Tourism of Burma

Burma Tourism

However, the debate about travel in Burma remains relevant. Ugly side of tourism in Burma A visit to Burma, which until recently was cut off from the outside worlds and bullied by the tourist, was a feast for the eyes. At one end we encountered some of the most beautiful and inviting persons, many of whom wanted to pos with us for pictures and their kids let us shook their hands.

The places we went to in Burma also had a rough look that shows in our photographs, especially the stunning dusk and dawn we saw. But on the other side, we have also come across a more ugly side of Burma's rising tourist industry, which has caused us to challenge our position as travelers and the harm we can unknowingly cause.

As we are always looking for'authentic' experience and long to reach the true hearts of a target to experience its'natural' state, the act of our being can also stain a place. While it can provide financial advantages for indigenous peoples, it can also completely change a tourist resort - probably the most serious.

While we like to have real interactions with the peoples of the lands we are visiting, we must also acknowledge that many of these peoples see us only as an opportunity to earn wells. For some we are just a necessary scourge. How do you handle these questions and travelling in a responsible manner without having a detrimental effect - is that even possible?

These were the problems we faced during our journey, but especially in Burma. When Ohan came up to us in Bagan, we thought he was another typically kind native who wanted to talk to us. Mr. Ohan was telling us about his Mandalay study days, when he was in Bagan to visit his wife and daughter's wife and the tragic tale of his friend who was recently killed in a motorbike crash.

So well we willingly accepted to let Ohan show us the best temples: "Free so I could practice my English," he said to us. Approximately half an hours later Ohan took some woodcarvings out of his rucksack and asked us to buy them; then the pfennig fell and we realized that the whole get-together had led to this sale conversation.

Consternated and clumsy we rejected the woodcarvings, while Ohan became more and more stubborn and restless. We later that night we saw Ohan talking to another couple of tourists; although we were only a few meters away, he totally ignored us. It wasn't the only times we felt uncomfortable traveling in Burma.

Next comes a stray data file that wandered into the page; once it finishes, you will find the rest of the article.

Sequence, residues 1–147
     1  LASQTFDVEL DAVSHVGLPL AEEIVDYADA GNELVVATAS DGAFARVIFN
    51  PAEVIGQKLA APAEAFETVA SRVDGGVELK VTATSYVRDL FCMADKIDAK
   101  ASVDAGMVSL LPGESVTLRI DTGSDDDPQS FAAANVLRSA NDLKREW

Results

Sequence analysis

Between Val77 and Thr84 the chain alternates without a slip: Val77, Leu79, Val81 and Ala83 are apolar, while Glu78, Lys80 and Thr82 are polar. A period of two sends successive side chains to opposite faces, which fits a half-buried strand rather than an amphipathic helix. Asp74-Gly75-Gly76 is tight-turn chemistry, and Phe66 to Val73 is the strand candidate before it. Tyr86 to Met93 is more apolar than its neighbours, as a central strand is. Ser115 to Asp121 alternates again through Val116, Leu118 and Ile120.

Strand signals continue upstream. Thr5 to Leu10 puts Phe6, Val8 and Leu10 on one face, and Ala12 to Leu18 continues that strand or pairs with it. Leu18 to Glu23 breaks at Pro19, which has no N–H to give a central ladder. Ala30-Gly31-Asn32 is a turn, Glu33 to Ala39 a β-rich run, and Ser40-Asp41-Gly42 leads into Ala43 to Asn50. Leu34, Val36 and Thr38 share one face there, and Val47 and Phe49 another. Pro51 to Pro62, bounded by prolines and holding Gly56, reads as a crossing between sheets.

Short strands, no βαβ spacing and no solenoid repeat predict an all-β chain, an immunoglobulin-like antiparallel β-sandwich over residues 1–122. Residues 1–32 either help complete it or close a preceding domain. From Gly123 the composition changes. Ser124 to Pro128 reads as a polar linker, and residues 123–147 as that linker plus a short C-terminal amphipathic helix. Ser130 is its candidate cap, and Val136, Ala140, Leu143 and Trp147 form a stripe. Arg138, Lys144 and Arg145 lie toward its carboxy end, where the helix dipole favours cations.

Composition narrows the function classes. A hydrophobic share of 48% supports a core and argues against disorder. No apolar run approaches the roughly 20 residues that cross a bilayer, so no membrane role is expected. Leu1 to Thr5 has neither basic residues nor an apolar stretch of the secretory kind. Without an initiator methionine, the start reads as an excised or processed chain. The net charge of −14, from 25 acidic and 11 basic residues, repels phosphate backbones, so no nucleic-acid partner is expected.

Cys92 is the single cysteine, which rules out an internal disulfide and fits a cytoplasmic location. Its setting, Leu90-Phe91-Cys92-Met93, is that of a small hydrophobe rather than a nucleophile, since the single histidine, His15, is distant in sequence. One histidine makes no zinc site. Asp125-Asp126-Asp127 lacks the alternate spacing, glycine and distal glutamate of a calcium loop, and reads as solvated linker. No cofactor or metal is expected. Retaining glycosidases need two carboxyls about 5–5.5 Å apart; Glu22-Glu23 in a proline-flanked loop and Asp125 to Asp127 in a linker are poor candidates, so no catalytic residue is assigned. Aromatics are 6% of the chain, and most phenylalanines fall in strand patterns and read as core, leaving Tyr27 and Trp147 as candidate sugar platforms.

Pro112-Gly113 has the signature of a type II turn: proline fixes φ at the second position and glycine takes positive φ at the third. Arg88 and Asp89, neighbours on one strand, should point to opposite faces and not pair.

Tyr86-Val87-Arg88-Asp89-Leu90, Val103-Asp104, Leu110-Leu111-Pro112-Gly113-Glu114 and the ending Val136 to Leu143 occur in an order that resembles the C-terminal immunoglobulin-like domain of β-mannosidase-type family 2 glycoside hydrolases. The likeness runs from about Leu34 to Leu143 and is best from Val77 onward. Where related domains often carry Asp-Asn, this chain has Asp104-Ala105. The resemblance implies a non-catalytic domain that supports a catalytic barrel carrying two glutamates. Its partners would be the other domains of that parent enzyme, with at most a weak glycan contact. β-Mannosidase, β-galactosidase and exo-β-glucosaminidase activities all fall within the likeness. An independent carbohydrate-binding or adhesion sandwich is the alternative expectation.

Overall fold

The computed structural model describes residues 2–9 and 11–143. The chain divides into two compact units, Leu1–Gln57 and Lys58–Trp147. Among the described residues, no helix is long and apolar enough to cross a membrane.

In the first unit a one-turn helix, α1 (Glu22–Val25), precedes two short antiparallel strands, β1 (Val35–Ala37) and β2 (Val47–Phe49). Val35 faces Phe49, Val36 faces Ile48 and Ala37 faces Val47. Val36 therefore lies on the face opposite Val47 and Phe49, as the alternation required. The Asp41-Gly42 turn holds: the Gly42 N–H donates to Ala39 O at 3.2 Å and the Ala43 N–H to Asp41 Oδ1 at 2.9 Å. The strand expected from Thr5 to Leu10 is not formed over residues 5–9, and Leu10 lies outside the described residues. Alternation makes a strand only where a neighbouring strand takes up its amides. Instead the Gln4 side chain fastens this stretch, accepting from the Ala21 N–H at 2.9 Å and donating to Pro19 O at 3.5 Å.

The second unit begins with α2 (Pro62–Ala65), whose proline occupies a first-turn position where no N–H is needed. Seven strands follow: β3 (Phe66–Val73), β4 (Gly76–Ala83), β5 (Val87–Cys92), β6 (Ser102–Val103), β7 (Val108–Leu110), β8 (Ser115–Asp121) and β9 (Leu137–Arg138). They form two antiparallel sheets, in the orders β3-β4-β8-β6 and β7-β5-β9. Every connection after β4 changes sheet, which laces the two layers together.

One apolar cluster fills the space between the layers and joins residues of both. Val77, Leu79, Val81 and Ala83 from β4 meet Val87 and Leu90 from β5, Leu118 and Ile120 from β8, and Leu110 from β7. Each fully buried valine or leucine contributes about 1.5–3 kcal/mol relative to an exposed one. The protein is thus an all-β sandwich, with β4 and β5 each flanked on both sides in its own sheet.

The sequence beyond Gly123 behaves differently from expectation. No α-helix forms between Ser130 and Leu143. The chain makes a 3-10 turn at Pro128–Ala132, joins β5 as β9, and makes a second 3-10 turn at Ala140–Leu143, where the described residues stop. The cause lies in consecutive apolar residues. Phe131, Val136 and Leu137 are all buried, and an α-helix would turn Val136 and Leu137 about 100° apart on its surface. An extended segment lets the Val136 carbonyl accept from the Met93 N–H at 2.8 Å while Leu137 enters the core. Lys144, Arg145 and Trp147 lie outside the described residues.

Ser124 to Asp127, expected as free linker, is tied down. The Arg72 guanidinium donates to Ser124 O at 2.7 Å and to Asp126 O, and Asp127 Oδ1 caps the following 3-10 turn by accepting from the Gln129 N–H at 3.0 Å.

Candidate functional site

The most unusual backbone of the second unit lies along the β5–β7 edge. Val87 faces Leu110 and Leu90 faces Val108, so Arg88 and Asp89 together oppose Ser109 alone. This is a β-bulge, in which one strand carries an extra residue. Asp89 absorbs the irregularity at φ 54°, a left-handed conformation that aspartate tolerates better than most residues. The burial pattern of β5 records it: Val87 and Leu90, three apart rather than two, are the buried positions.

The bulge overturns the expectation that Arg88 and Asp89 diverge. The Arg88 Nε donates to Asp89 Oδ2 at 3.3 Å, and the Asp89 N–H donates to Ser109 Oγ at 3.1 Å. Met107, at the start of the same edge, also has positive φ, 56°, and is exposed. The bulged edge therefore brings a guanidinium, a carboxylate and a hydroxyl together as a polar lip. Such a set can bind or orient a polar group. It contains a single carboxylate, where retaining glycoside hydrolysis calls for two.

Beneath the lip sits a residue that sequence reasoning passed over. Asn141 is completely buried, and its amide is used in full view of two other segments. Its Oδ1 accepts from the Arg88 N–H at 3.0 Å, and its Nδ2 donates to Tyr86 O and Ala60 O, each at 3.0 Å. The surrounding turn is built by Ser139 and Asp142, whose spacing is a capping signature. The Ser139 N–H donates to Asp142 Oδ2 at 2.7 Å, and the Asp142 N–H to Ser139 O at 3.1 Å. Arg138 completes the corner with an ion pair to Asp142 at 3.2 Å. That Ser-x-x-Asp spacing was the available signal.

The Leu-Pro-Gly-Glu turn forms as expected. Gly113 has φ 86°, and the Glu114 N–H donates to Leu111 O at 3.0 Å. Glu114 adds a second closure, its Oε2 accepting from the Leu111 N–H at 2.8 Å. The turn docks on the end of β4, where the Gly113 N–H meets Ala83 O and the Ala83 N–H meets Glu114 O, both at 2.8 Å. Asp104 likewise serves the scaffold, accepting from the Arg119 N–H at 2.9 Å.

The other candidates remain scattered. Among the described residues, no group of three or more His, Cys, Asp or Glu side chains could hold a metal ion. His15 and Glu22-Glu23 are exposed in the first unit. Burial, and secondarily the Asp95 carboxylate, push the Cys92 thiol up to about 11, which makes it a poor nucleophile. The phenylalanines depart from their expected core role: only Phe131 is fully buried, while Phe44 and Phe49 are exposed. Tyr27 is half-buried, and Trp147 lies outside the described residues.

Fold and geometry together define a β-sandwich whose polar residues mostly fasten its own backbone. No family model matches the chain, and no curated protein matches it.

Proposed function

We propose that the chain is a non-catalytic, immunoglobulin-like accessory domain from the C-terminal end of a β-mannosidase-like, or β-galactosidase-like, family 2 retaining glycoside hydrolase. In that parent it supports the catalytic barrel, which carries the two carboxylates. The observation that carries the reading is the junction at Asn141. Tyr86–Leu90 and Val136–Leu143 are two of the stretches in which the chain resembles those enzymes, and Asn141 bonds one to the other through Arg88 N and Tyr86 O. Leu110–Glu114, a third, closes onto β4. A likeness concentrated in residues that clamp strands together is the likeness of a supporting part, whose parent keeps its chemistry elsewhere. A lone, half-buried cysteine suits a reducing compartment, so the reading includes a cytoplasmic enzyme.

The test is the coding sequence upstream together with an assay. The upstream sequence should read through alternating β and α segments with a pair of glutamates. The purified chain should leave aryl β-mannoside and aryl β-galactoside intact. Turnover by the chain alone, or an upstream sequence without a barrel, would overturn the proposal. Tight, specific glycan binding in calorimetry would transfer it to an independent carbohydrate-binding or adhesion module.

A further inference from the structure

In Luang Prabang, Laos, in a repetition of the day's fiascos, several hundred visitors were watching as they talked aloud, stepped in front of the parade and took pictures of the monks' faces. The next thing we did was to visit one of the old towns, which is located on an islet that can be reached by a steer.

By the time we got to the isle we were encircled by folks who asked us to rent a car and a horses, which we also decided never to do. It was a very poor tasting experience in our mouth, especially as we had seen such friendliness from other Myanmar citizens we had known.

Is it our fault? When I look back on these events, I cannot reproach the Myanmar tribe for how they have dealt with us. That is the more ugly side of the tourist industry, which would not be there if we all remained away from the land, so can we really accuse the public of sometimes seeing us as running cash machines or blaming us for refusing to buy their goods or to use theirs?

In contrast to neighboring nations such as Thailand, Burma does not yet have a sophisticated touristic infra-structure and the visitor is still a little new. Whilst most of us were welcomed as welcome patrons and did not demand anything from us, a majority sees the rising trend of modern travel as an economical business and they may consider it a curious, spoiled westerner (a true interpretation).

Why shouldn't the Myanmar population take every chance to earn with us, especially when there are still so many policy challenges in the nation and so much suffering, violence, corruption and repression? For us there was another aspect to these issues: the fact that Burma was colonized by the British.

There was no way around feeling guilty, especially when we read George Orwell's Burmese Days on a trip around the state. Many of the folks we encountered kept asking us about our life in England and our past careers - all telling us how happy we were and how much they wanted the possibilities we had.

Some of these problems can be found in all the Asiatic lands we have been to, but since they are relatively new to the tourist industry, we found them most clearly in Burma. What do you do about the nasty side of the tourist industry?

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